Decide whether we want merge commits when a MR is merged
Gitlab has three configurable strategies for merging MRs:
Fast-forward with linear history. The commits are required to have been rebased on current master before merging (for outdated commits there is a Rebase button in the web UI which will do this for you, in simple cases where there are no conflicts), and are pushed as-is, without adding any details of the merge request. For example, this is how I merged !8 (merged): there is no indication in the commits that it was MR !8 (merged), or that David King reviewed it.
Merge commit with semi-linear history. The commits are required to have been rebased on current master, but then are merged with a non-trivial merge commit. For example, I enabled this before merging dbus-glib!1 (merged): you can see from the commit history that Alan Coopersmith contributed two commits dbus-glib@c22bbbe9 and dbus-glib@a1241eab, and when I clicked the Merge button, Gitlab created dbus-glib@73e32f5a for me.
Merge commit with non-linear history. I don't have a concrete example of this in dbus, but you can see it in https://gitlab.gnome.org/GNOME/glib if you examine the history of https://gitlab.gnome.org/GNOME/glib/merge_requests/389: you'll see that https://gitlab.gnome.org/GNOME/glib/commit/6c8b9f31b15bba38c7eb82b17437c1f462fb6ab8 merges a commit that is based on older-than-current code.
Unfortunately, these are chosen globally for a project (e.g. dbus/dbus), and maintainers can't choose which one is the most appropriate at the time they land a merge request.
The advantage of the linear history is that it's simple (one single line of ancestry in gitk/gitg), and very easy to use with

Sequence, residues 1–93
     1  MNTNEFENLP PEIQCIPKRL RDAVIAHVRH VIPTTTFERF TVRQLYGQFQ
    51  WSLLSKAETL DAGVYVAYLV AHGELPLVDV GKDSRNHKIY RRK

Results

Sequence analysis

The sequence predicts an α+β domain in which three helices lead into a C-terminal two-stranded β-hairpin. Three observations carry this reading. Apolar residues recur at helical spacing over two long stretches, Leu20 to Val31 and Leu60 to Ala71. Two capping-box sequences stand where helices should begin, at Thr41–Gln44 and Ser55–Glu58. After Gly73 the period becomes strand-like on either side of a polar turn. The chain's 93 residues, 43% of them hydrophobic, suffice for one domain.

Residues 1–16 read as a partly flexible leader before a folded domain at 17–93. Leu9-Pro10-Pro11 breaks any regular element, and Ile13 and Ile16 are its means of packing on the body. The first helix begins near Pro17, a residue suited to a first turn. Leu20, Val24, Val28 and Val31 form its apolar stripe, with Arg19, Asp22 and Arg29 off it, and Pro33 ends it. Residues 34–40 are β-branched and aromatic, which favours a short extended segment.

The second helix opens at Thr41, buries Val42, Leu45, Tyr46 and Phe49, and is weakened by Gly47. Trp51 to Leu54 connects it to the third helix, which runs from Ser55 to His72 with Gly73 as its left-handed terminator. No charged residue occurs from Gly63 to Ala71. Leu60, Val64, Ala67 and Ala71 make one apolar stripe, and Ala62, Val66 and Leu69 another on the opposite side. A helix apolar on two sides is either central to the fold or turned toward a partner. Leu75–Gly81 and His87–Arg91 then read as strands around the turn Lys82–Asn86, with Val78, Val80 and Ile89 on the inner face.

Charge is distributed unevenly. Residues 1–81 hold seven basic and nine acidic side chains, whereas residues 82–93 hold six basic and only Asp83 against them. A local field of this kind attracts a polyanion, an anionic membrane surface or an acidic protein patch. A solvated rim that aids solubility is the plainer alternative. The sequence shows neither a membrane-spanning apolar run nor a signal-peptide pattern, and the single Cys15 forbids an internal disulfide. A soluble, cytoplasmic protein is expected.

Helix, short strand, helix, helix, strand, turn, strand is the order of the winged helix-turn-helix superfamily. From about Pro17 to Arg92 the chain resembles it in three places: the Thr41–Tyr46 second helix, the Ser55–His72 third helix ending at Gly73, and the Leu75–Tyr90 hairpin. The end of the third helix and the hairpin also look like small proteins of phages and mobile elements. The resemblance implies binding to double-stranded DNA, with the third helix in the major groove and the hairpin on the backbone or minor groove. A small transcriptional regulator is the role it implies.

git bisect. The disadvantage is that we lose details of which merge request resulted in merging a particular change, which means it's harder to find the discussion that led to it being accepted.
The advantages of semi-linear history are that
git bisect still works well, and we still have details of the merge request.
The advantage of non-linear history is that the commit that gets merged is exactly what the patch submitter tested (although note that if we are concerned about this, we can always ask the patch submitter to rebase and re-test). The disadvantage is that bisecting won't necessarily work at all.
I think semi-linear history is a good compromise position, and I've enabled it in dbus and dbus-glib. Do any of the other maintainers agree or object?
Note that if we want to use a different strategy on a case-by-case basis, maintainers can bypass Gitlab and push directly to master. For stable branches, I'll probably stick to using
git cherry-pick from master and pushing directly to the stable branch.